Iranian President Hassan Rouhani called for a variety of economic reforms and even tabled the possibility of a referendum on the country's controversial nuclear negotiations during a speech on Sunday.
"As the enforcer of our constitution, I would like, even for once, to see conditions ripe to implement a tenet of the common law calling for major issues - economic, social, political and cultural - to be put to public referendum rather than parliamentary vote," he said at an economic conference in Tehran.
Despite clear provisions in the constitution, it would be the first time since the 1979 revolution that a policy issue was put to a vote in the country.
Conservative hardliners have a strong grip on parliament, and are opposed to signing a deal about the country's contested nuclear program with a group of Western nations while under the pressure of sanctions.
The group – known as P5+1 -- include the U.S., U.K., France, China, Russia and Germany. A deadline for a deal has been extended to July 1.
Rouhani, who became president in August last year, also touched on the recent slide in oil prices and argued for an end to international isolation. Oil prices fell to fresh five-and-a-half-year lows lows on Monday after having lost more than half of their value since the middle of last year.
"Our political life has shown we can't have sustainable growth while we are isolated," he told the audience. "The time is past when it used to be said that if a foreign investor comes to Iran, our independence will be in danger."
Sanctions have hurt the economy in Iran, which is also battling stubbornly high inflation and unemployment. The International Monetary Fund forecasts growth for 2015 -- before the substantial drop in global oil prices – of 2.2 percent, compared to 1.5 percent in 2014.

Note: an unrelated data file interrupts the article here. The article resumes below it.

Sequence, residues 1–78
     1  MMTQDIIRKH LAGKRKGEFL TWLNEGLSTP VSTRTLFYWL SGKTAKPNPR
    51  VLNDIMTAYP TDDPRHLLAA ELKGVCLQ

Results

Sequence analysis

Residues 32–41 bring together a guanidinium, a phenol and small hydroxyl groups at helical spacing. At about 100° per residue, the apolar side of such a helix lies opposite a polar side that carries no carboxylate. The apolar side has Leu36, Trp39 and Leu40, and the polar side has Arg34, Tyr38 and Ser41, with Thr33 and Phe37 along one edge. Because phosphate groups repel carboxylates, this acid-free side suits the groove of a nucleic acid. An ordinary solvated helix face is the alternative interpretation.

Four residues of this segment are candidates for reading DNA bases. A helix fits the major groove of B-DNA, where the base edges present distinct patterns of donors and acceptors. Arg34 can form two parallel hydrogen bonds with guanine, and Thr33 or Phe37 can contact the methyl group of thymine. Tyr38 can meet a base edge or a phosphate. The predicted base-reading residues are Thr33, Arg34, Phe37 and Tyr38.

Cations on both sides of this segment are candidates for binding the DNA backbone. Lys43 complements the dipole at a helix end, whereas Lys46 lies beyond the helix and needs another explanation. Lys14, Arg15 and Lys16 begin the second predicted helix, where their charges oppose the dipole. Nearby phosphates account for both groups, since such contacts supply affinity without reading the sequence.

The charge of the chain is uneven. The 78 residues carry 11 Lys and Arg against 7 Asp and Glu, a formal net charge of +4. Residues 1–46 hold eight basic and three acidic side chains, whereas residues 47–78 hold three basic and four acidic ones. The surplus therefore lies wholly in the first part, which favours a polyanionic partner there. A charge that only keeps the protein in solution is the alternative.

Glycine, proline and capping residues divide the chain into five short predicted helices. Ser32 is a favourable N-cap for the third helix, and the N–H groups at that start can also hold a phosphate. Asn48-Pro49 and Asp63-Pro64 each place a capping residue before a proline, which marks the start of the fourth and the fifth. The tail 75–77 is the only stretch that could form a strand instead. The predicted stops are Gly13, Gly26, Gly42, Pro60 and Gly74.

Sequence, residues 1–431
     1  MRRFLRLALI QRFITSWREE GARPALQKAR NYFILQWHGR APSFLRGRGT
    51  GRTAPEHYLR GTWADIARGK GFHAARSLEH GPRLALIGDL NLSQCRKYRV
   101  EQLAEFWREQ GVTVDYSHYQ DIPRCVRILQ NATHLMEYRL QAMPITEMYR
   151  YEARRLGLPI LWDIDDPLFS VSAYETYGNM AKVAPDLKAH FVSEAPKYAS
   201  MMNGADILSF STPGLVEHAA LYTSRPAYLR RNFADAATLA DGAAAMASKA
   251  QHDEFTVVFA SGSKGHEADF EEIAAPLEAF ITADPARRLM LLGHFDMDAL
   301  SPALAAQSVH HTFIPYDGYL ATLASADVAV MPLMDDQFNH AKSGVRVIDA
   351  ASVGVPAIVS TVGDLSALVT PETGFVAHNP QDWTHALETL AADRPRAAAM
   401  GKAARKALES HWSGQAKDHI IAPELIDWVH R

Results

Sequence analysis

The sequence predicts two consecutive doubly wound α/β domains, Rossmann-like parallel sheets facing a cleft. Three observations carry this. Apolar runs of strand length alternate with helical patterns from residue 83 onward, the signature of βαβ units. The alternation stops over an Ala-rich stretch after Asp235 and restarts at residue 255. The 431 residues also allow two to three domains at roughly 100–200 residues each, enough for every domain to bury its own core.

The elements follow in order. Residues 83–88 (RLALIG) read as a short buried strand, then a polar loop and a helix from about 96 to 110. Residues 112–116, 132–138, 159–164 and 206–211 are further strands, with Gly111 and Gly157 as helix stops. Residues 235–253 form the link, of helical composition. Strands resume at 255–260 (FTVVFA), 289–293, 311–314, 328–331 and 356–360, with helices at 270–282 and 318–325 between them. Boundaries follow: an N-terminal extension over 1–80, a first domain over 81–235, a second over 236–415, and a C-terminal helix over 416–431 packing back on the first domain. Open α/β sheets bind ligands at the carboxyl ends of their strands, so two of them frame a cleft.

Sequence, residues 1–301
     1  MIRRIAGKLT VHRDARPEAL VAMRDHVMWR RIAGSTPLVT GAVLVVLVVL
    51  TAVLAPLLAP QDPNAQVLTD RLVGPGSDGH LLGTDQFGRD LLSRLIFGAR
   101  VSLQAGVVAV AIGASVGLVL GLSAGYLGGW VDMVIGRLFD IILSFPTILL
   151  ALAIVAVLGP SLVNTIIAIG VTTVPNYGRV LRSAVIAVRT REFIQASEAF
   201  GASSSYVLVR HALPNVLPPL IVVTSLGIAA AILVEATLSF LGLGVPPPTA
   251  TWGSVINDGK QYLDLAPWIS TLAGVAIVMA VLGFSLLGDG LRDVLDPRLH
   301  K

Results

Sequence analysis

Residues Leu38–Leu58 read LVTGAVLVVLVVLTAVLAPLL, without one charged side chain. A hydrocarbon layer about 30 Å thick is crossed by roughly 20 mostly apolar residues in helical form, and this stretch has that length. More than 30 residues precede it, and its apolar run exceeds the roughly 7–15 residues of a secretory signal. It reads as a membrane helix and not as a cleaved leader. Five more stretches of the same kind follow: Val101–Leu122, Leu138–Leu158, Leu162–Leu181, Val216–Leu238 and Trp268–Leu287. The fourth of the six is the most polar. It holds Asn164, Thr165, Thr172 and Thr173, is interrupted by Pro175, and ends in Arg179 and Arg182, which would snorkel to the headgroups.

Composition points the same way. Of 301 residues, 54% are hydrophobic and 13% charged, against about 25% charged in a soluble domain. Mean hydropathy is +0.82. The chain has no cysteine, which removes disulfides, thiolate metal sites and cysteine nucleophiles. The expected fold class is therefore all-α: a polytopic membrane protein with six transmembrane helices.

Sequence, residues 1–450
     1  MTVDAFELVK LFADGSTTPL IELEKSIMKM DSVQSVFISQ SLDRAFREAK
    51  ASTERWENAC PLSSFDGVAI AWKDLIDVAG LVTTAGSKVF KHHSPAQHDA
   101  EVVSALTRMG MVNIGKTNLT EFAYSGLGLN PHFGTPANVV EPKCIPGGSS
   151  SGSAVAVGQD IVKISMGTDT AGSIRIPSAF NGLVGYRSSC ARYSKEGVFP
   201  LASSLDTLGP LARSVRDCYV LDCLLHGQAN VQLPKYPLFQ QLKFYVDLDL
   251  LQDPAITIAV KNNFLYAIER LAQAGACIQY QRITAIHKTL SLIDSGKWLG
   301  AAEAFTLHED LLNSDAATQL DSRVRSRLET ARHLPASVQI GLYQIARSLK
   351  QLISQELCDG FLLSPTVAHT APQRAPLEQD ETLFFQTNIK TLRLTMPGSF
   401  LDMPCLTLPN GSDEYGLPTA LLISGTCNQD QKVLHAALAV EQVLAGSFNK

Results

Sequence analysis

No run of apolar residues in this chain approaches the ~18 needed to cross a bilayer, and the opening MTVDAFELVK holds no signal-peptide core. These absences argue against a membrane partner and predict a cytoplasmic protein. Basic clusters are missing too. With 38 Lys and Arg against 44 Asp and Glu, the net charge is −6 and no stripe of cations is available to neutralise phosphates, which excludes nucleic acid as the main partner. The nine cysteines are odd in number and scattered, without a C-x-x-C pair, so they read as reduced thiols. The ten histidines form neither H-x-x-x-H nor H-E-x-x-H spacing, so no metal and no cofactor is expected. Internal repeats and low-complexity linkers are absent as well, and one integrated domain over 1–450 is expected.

Unlike its counterparts in the oil-rich Gulf, Iran has curtailed its budget for the coming fiscal year in response to falling crude prices, and used an oil price of $72 a barrel as a basis, down from $100 dollars in the previous period. Brent crude was trading around $55 a barrel on Monday.
For the economy to prosper, Rouhani also said the country needed to reduce the influence of government monopolies, foster more competition and fight corruption.
Last month Rouhani lamented Saudi Arabia's refusal to cut oil output.
"Iran and people of the region will not forget such conspiracies, or, in other words, treachery against the interest of the Muslim world," the Associated Press reported Rouhani as saying during a cabinet meeting.
The most recent report by the International Energy Agency (IEA) showed Iran's crude production was steady at 2.76 million barrels per day (bpd) in November. Exports are limited to 1 million bpd as part of a sanctions agreement reached in 2013.
"He is challenging the supreme leader and the conservatives with this proposal because he knows that in a popular vote the majority are likely to support a compromise solution that will not be acceptable to conservatives," Nader Habibi, Henry J. Leir Professor of the Economics of the Middle East at Brandeis University.
"It is very likely that this proposal (to resort to direct popular vote on important foreign policy issues,) will be rejected by the supreme leader, Ayatollah Khamenei,"